Building strong relationships with like-minded people from different parts of the world is priceless. My own personal opinion, regarding the DN community, is that I hope they take their experience in a slow way, otherwise it will become another product they consume and the whole movement will lose sense. Each location is different, but in our Las Palmas it will take some time to really get to know people, and there are plenty of things to do to allow you to spend some time in the location. In order to respect the people you meet locally, DN’s should not book their next ticket before arriving at a new location. How much effort do you make to get to know somebody that you know is leaving in 10 days? "
Fee, blogger at Reallygigroadtrip & Advocate of Technology breaks
"My transition into #buslife over the last few years has given me the opportunity to do some reflection. It's been both an access point to true freedom (no 'proper job' / mortgage / kids / reason to be or not be anywhere) but has equally made me much more vulnerable.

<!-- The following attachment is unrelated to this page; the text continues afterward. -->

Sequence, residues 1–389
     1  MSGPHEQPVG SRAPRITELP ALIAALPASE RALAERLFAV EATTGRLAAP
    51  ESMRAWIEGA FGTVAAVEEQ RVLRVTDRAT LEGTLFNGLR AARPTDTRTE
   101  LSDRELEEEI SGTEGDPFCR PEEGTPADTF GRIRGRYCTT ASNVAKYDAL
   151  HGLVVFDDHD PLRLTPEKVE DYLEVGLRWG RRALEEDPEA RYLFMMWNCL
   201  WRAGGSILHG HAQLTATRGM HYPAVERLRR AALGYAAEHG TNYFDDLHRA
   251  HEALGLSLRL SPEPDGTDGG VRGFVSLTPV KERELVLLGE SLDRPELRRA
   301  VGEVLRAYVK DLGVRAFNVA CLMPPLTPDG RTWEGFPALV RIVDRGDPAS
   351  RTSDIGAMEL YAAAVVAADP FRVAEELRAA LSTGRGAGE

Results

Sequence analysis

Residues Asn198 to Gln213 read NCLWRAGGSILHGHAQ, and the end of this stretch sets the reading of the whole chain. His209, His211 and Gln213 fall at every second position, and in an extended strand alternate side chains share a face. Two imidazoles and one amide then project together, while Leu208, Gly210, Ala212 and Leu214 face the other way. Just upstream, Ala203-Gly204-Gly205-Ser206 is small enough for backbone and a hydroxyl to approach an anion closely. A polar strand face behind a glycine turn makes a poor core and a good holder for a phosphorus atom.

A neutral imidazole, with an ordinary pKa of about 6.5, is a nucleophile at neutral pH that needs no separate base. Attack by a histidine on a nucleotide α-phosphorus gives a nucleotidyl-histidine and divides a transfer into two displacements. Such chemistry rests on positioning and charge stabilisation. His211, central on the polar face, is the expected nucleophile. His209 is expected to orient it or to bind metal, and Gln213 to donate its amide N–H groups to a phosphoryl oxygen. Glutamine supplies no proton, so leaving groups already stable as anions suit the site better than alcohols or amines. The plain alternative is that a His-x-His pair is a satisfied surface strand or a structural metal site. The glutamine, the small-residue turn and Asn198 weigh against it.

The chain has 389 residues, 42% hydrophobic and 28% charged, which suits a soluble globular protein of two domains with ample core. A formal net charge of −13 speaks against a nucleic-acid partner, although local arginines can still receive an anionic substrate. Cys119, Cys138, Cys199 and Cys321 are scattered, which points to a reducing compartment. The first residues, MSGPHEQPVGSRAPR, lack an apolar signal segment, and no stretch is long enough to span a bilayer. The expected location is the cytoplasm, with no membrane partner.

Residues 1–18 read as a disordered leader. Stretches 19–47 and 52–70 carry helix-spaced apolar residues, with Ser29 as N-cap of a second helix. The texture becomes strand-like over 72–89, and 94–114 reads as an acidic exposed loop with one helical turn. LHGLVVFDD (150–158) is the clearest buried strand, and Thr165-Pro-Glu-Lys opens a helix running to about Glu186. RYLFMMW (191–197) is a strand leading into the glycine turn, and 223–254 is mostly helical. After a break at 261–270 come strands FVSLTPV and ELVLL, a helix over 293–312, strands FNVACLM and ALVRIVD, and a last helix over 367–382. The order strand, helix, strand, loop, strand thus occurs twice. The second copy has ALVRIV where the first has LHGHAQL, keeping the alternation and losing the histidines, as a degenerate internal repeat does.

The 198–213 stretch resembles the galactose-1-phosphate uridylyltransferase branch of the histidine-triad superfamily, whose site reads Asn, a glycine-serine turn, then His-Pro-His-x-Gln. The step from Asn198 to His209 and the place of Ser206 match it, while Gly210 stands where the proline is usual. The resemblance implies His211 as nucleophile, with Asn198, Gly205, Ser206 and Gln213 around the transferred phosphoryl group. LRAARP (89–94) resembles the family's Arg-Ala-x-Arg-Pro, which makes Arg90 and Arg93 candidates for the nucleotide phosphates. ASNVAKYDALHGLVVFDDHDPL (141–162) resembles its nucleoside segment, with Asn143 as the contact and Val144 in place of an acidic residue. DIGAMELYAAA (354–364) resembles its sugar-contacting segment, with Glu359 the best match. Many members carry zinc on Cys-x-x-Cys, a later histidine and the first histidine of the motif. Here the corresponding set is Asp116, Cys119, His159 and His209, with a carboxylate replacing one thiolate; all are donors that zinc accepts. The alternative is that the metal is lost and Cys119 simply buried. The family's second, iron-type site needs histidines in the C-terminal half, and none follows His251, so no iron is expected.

I don't own land so I don't have a safe space to call 'home'. But the act of ninja-parking (pretending I don't really live in my bus) out on streets and in car parks in different cities or remote country towns inevitably connects me to people I would never have met otherwise, seeing the world through eyes I would never have accessed if I had flown past overhead. These random conversations with strangers make me feel so much more connected to the diversity of the world than I ever did when I lived in an apartment and worked in an office. "
So much for our ideas and visions, which of course are not meant as "finished" results! Many thanks go to all the others who contributed with their input that this initial impetus for a discussion could arise.
Thank you Anja, Ben, Fee, Heather, Mandy, Matthias, Nacho, Tim and Tobi!
So what do you think Do you feel the same or do you have a completely different opinion? We'd love to hear your feedback, suggestions, and thoughts. Where do you think the journey is going?